Data Experts: Why Privacy Is An Unreasonable Expectation [PSFK 2014]

Discussion in 'privacy general' started by lotuseclat79, Jun 8, 2014.

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  1. lotuseclat79

    lotuseclat79 Registered Member

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    Data Experts: Why Privacy Is An Unreasonable Expectation [PSFK 2014].

    It would seem that these so-called data experts would rather believe the meme that 'All your data is mine' rather than 'We (consumers) don't want to be partners with you!'.

    -- Tom
     
  2. Nebulus

    Nebulus Registered Member

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    IMO, privacy is a perfectly reasonable expectation - but it's funny how our so called "partners" (i.e. brands, big data firms, or even government) are trying very hard to convince us otherwise.
     
  3. noone_particular

    noone_particular Registered Member

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    Another "Resistance is Futile" article.
     
  4. mirimir

    mirimir Registered Member

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    When I buy something, they typically know that I bought it. That's all that they need to know. Or at least, they know that someone bought it ;)
     
  5. Reality

    Reality Registered Member

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    How might they do that when people have said point blank NO? The only avenues left are by surreptitious means or out right force. Those who drawl and salivate after such as facebook are right in their hands already.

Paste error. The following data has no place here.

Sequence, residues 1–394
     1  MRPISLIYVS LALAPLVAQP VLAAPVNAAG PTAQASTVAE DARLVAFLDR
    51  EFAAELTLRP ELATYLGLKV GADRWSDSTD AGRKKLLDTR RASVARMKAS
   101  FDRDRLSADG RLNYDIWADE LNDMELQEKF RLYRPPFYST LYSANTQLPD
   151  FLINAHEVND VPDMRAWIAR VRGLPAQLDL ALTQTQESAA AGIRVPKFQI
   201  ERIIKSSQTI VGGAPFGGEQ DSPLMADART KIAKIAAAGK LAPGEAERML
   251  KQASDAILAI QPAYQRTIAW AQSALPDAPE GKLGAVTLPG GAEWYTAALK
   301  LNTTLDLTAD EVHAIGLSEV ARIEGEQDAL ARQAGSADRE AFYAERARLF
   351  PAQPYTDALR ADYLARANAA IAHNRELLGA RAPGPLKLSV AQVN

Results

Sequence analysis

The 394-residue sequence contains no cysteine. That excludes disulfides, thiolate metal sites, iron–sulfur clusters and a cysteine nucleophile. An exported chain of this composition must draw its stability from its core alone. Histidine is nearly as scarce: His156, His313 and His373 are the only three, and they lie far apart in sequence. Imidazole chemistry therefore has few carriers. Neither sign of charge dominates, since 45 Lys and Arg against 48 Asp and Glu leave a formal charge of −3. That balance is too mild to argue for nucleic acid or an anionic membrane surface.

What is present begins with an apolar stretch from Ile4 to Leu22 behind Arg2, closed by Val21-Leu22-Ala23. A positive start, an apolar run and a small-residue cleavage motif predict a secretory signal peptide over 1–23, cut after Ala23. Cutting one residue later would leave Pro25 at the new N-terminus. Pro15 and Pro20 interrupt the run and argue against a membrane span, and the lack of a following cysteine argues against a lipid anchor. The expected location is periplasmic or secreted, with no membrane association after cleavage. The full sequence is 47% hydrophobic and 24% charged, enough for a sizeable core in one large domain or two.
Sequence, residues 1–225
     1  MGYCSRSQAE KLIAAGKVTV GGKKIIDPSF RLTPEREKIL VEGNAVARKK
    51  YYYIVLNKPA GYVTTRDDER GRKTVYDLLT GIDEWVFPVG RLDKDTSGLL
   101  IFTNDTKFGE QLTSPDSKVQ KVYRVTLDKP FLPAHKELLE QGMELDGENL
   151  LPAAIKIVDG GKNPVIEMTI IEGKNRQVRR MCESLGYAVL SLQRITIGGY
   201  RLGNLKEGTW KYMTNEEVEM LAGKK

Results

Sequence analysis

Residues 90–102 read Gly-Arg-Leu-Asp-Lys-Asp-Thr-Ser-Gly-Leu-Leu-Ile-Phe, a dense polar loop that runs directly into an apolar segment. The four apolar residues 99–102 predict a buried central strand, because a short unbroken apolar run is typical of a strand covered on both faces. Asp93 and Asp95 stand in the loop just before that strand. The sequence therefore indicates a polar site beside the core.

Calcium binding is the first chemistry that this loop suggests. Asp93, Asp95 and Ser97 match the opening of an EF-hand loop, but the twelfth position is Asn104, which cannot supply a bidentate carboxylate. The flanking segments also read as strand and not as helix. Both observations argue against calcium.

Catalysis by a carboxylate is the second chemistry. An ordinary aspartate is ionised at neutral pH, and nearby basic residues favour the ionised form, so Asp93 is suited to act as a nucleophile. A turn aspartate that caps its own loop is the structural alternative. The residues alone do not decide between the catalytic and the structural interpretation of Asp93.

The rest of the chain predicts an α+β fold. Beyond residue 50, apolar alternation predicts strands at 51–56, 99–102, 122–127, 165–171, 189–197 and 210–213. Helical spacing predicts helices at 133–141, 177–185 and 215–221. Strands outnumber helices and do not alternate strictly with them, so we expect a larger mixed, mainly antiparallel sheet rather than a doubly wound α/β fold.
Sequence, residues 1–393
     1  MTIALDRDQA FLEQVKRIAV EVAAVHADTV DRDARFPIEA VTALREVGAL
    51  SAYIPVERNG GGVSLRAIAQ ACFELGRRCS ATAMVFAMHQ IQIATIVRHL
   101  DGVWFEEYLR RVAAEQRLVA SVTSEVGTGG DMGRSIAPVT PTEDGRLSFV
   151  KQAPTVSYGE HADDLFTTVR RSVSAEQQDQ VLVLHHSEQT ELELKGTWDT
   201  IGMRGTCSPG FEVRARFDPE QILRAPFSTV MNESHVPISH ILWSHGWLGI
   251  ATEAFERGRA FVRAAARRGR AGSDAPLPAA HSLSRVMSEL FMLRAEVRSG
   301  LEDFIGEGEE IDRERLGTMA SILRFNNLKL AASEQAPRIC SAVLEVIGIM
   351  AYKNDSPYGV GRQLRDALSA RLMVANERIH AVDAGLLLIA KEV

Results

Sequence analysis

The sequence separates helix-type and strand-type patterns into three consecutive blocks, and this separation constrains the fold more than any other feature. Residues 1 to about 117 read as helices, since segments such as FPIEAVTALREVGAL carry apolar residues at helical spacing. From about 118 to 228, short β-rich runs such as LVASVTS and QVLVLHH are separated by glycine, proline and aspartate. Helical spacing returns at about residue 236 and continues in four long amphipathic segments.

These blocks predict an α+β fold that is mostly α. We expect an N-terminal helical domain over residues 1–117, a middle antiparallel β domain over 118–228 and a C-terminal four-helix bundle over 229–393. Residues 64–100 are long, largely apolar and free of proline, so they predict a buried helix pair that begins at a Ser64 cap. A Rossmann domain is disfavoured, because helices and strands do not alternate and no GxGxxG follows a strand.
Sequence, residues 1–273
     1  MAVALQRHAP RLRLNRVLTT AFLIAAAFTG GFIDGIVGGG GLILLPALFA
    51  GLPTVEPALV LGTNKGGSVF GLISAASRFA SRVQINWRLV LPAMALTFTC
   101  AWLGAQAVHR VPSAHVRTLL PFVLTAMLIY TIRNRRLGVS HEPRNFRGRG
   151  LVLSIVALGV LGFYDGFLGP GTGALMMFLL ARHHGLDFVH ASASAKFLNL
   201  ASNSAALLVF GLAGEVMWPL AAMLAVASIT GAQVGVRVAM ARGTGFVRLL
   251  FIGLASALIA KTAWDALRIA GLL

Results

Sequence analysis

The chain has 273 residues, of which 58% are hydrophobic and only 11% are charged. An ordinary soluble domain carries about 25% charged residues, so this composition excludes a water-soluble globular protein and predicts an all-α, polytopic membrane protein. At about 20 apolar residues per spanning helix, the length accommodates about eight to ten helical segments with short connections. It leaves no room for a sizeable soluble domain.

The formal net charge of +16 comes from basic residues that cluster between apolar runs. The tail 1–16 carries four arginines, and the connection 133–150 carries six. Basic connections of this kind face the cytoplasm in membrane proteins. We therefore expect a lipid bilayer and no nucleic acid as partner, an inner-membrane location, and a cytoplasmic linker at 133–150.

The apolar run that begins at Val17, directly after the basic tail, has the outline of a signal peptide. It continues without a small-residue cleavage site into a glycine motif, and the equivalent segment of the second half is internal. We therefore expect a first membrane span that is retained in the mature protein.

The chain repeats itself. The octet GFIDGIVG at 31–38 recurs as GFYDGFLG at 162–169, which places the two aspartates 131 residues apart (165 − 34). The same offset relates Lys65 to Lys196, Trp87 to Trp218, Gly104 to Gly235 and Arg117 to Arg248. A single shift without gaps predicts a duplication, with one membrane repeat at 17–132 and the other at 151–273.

Privacy is a necessity for a normal and healthy life. To say it is an unnecessary expectation sounds as despotic as it is.
     
  6. noone_particular

    noone_particular Registered Member

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    Save for armed law enforcement, I'd like to see them try to force the issue. As long as cash is legal tender for all debts, public and private, they'll have no records of anything that I purchase.
     
  7. mirimir

    mirimir Registered Member

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    If you buy from other people, how do you know what records they keep?
     
  8. TheWindBringeth

    TheWindBringeth Registered Member

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    Facial recognition at the counter where you hand over cash?
     
  9. noone_particular

    noone_particular Registered Member

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    I don't buy much. It's rare that a store asks me for ID. When they ask for a phone number, they get a fake. I can't remember the last time an individual wanted actual ID.

    As for facial recognition, if they want to waste time and energy matching camera images to me, they're welcome to try. They'll waste time and money to learn nothing of value.
     
  10. Reality

    Reality Registered Member

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    I don't think many of us are going to argue with arms. By out right force I meant things like making cash illegal. That is closer than what people think and its getting harder and harder to use cash without penalty. Soon you wont be able to buy or sell without having a chip in you.
     
  11. Nebulus

    Nebulus Registered Member

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    I highly doubt that this will happen any time soon. Please keep in mind that there are enough countries in this world where using a card or paying online are exceptions.
     
  12. CloneRanger

    CloneRanger Registered Member